Manuel Antonio National Park
Manuel Antonio National Park has three white sandy connecting beaches and a forest filled with a variety of monkeys. It sits at the base of a mountain on a pennisula that eargerly stretches out to greet the Pacific Ocean beyond and boasts magnificent flora and fauna, as well as fantastic views both in and out of the park.
... You can´t say you ´ve visited Costa Rica unless you visit Manuel Antonio National Park. So it´s no wonder the smallest national park in the country is also one of the most visited - and there would be evene more people within the park grounds if the Park Service hadn ´t enforced a limit of approximately 600 people per day. Its big attractions are well-market hiking trials through the rainforest, some incredibly idyllic beaches and abundant wildlife - especially monkesy - including 350 types of birds, plus agoutis, sloths and large iguanas.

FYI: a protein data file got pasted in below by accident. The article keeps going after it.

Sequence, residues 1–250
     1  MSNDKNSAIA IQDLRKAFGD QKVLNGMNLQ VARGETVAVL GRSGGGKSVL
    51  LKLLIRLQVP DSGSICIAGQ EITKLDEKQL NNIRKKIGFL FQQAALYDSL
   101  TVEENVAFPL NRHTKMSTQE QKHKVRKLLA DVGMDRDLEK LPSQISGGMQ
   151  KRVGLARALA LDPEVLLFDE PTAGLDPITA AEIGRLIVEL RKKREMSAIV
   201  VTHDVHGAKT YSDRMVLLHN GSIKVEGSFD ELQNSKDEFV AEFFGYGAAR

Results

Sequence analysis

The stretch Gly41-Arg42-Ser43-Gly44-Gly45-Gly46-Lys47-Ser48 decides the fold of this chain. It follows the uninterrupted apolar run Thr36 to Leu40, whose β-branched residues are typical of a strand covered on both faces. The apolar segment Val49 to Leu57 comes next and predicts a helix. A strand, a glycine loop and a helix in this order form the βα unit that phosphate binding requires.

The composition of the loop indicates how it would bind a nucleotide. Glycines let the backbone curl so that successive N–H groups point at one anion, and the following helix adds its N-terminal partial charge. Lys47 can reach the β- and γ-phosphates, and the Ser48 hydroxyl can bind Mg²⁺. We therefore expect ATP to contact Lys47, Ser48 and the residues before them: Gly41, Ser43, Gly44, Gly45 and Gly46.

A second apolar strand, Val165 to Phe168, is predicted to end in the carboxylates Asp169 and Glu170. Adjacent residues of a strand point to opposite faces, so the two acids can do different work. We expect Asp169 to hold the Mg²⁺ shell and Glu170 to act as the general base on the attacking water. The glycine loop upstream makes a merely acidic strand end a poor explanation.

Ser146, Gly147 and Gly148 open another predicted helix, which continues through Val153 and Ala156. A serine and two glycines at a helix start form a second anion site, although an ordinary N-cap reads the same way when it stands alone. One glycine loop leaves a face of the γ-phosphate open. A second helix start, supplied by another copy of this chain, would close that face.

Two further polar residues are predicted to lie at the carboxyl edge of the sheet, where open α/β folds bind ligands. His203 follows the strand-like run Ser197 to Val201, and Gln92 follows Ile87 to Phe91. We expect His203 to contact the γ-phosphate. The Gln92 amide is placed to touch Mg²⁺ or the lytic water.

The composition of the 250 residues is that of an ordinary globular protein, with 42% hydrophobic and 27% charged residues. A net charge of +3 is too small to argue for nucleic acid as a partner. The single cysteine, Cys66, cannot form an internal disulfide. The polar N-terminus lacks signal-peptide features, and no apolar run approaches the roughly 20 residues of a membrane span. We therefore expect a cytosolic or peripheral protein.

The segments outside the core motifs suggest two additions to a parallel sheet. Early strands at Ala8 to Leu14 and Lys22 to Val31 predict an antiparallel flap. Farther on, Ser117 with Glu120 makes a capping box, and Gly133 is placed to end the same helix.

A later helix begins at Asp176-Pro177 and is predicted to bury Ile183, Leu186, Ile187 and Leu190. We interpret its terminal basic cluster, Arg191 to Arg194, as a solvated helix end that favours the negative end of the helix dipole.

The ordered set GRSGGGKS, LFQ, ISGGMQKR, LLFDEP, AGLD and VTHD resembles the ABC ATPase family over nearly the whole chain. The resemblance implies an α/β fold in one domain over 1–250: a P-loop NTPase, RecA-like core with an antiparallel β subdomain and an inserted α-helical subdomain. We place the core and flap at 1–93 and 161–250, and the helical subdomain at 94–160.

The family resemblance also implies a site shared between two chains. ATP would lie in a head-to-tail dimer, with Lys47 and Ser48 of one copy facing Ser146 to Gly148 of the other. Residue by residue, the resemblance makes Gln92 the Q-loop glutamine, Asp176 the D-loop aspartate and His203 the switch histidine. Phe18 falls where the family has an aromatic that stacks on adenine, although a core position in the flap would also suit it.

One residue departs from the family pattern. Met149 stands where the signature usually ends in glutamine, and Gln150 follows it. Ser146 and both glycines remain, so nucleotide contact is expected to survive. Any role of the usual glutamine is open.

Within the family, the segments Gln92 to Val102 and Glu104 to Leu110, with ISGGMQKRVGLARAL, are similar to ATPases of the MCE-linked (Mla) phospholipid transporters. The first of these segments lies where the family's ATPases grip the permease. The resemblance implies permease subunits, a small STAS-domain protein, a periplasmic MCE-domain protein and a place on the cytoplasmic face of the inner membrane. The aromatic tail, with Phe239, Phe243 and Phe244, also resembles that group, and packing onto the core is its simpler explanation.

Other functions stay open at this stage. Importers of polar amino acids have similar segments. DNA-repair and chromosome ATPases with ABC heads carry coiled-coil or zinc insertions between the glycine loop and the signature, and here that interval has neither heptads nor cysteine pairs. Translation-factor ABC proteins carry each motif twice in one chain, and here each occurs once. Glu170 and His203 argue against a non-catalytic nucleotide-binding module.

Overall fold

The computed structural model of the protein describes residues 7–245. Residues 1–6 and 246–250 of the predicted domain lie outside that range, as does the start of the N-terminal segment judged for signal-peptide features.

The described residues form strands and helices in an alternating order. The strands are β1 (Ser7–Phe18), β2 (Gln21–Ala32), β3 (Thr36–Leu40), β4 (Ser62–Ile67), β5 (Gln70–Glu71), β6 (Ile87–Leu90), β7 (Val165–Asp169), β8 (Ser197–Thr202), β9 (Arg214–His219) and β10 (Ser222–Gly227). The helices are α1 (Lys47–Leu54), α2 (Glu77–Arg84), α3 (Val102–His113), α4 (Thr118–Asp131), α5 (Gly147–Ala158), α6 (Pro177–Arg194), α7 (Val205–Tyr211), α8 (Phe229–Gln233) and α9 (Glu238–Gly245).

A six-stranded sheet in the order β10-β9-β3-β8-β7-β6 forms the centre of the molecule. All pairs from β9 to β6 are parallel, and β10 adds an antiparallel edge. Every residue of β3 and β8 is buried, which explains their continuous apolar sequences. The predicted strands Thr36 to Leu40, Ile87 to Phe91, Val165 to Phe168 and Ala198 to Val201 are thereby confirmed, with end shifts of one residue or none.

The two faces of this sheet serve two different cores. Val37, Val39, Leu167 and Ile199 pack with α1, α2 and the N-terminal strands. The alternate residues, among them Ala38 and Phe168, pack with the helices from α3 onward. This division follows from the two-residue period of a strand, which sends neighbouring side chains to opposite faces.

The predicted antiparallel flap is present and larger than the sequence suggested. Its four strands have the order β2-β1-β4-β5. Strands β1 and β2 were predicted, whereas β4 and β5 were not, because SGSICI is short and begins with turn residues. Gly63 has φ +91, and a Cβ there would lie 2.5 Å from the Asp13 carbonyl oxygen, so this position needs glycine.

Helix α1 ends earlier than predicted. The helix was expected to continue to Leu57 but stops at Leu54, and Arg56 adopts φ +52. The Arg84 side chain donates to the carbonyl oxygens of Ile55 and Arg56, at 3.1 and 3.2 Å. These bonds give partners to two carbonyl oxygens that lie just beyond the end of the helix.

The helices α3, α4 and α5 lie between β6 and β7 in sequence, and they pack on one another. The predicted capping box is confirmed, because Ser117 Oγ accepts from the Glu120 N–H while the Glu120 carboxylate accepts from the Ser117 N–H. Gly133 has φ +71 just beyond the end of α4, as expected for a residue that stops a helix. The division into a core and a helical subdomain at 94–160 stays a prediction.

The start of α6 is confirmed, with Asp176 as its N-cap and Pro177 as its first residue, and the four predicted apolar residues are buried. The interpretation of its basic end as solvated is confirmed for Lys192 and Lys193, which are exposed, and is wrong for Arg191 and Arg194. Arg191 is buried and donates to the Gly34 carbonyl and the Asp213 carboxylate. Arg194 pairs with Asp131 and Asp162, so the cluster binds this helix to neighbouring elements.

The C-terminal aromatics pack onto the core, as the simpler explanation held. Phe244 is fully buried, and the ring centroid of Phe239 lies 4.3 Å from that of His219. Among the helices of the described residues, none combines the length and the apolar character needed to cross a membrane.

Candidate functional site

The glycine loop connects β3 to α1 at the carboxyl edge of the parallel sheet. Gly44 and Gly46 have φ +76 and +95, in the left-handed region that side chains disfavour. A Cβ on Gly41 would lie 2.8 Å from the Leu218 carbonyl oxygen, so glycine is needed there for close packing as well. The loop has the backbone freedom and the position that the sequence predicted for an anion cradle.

The area became a national park in 1972, just in time to prevent a large developer from building a resort. At the time it had just 687 hectares surrounding a three-fingered spit of land that divides three bays. As you come down to the end of the road from Quepos, low-rent motels and eateries crowd the roadside. The beach on your right is Playa Espadilla, which gets crowded with sunbathing tourists. Be careful swiming here; the surf can be very rough. At the end is a large rock formation and beyond that is the sand bar wash of a shallow estuary. Is is across this narrow stream you need to wade to enter the park. At the hide tide ir can be waist deep, and a at those times entreprenurial locals offer crossing in their small boats. Walk quietly on the path after the park entrance; monkeys hang out in the shady trees overhead here and agoutis often forage for tender roots in the underbrush. The Long beach on the right is Playa Espadilla Sur, a broad band of white sand lined with shade trees.